I’ve been running some of my services so that they are accessible from the outside world. Some of this has been for fun (like my calibre setup) and some because I want to keep control of my own data. I’ve self-hosted a quite a few services on my NUC now, including things like Plex and tinytinyrss. Many of them have been exposed to the internet as subdomain, so that I could use them both from within my own network and when I’m out and about.
I came across a blog post online about how to make an nginx-based reverse proxy more secure and I went about implementing it immediately. It took me all of 30 minutes to follow the steps and get an A grade from SSL Labs! It’s still going to take more to convince me that this will deter all but the most determined hackers, but it allows me to access my services when I’m not at home.
The NUC that I bought a while back has mainly just been used to run a Plex server. Lately I’ve been playing with setting different things up on my Raspberry Pis, including my own internal DNS. Then I was talking to a colleague of mine about my Munin setup and I really wanted to show him what I’m doing. So, perhaps a little radically, I devided to open up access to the outside world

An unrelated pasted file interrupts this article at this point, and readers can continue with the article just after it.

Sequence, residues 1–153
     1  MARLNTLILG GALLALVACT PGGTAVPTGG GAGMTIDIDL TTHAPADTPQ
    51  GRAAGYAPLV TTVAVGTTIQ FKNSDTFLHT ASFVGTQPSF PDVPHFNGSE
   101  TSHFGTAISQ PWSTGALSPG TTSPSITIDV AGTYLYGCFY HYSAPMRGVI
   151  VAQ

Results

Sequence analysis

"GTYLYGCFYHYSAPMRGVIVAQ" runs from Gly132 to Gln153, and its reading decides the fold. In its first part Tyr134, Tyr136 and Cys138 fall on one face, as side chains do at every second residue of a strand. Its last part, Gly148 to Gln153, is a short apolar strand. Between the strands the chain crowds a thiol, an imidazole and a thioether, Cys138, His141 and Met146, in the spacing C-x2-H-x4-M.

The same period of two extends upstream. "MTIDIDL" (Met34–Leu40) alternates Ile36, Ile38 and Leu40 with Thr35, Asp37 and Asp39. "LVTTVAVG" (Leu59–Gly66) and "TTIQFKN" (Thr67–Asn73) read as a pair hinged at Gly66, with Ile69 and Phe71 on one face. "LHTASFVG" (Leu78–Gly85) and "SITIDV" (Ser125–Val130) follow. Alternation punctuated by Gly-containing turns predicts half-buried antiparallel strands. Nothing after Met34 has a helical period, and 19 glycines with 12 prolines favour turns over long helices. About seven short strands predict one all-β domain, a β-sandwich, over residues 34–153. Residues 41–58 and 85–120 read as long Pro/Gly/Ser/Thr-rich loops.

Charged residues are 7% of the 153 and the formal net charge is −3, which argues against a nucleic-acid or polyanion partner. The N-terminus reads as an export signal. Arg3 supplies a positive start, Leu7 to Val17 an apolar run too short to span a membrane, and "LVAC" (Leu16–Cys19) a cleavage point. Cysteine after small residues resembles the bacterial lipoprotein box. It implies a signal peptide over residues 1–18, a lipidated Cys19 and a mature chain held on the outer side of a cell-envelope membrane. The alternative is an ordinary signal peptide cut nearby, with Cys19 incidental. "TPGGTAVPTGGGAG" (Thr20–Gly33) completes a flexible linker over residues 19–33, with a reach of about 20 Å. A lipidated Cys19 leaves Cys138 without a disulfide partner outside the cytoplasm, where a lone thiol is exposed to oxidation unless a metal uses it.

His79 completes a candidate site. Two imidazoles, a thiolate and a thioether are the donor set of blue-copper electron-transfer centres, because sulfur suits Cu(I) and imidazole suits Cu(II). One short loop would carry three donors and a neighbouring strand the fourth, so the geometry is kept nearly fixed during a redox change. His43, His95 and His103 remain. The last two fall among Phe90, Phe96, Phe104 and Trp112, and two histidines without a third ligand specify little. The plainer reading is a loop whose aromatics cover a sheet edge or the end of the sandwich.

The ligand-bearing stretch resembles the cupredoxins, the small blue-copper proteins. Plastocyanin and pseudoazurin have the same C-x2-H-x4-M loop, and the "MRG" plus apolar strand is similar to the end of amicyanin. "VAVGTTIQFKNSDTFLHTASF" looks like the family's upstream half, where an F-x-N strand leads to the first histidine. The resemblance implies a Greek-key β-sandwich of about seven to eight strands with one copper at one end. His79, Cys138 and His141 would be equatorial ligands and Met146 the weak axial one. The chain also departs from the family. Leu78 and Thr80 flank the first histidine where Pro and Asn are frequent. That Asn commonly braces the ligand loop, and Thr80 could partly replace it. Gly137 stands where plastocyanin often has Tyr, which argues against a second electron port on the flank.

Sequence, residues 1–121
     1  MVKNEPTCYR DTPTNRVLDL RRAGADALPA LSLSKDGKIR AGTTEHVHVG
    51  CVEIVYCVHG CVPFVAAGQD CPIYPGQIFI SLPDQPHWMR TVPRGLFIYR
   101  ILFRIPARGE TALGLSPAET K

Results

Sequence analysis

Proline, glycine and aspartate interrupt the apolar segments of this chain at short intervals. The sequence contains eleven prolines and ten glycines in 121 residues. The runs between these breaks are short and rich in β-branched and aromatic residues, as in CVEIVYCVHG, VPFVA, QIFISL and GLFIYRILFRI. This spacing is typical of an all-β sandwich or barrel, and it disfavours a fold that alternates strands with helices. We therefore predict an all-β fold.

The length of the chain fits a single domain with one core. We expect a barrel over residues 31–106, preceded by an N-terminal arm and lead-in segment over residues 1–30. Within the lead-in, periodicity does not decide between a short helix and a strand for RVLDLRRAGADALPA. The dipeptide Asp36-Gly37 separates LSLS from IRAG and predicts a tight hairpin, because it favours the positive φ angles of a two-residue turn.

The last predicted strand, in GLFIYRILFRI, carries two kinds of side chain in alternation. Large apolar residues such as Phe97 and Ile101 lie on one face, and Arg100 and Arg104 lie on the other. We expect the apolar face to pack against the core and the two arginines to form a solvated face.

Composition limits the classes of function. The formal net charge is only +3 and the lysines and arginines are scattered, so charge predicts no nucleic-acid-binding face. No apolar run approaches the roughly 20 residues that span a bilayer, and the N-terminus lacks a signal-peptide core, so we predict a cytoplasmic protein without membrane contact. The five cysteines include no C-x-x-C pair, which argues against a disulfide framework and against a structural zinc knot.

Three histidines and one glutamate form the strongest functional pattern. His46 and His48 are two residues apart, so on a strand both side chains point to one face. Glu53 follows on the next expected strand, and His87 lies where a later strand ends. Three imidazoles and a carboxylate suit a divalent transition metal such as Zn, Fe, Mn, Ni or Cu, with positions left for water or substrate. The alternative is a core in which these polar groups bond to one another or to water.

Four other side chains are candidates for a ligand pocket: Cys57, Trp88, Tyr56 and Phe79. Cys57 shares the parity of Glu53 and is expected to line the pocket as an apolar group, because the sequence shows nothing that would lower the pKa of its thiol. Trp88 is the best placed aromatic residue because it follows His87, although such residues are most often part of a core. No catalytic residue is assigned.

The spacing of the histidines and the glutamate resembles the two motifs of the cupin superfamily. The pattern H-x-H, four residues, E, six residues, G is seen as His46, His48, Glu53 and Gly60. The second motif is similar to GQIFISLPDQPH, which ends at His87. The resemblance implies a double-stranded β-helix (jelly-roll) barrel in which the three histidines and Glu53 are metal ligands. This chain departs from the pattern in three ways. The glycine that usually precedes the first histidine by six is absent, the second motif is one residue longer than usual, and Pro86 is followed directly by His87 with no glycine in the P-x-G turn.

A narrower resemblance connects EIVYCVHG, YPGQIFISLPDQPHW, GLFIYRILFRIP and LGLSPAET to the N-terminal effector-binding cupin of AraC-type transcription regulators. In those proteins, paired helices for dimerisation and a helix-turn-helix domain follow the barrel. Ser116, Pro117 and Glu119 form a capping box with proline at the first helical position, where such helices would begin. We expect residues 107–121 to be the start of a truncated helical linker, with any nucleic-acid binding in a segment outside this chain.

I’ve been meaning to do this for ages now and today I found the time to do it right. I installed dnsmasq on a spare Raspberry Pi to do three things: Provide nice name resolution on my servers (i.e. *foo*.peterkuehne.com) Log all DNS queries (for stats, etc, not for actual monitoring) Cache DNS lookups and make browsing a few milliseconds faster As far as I can see right now, this all works great.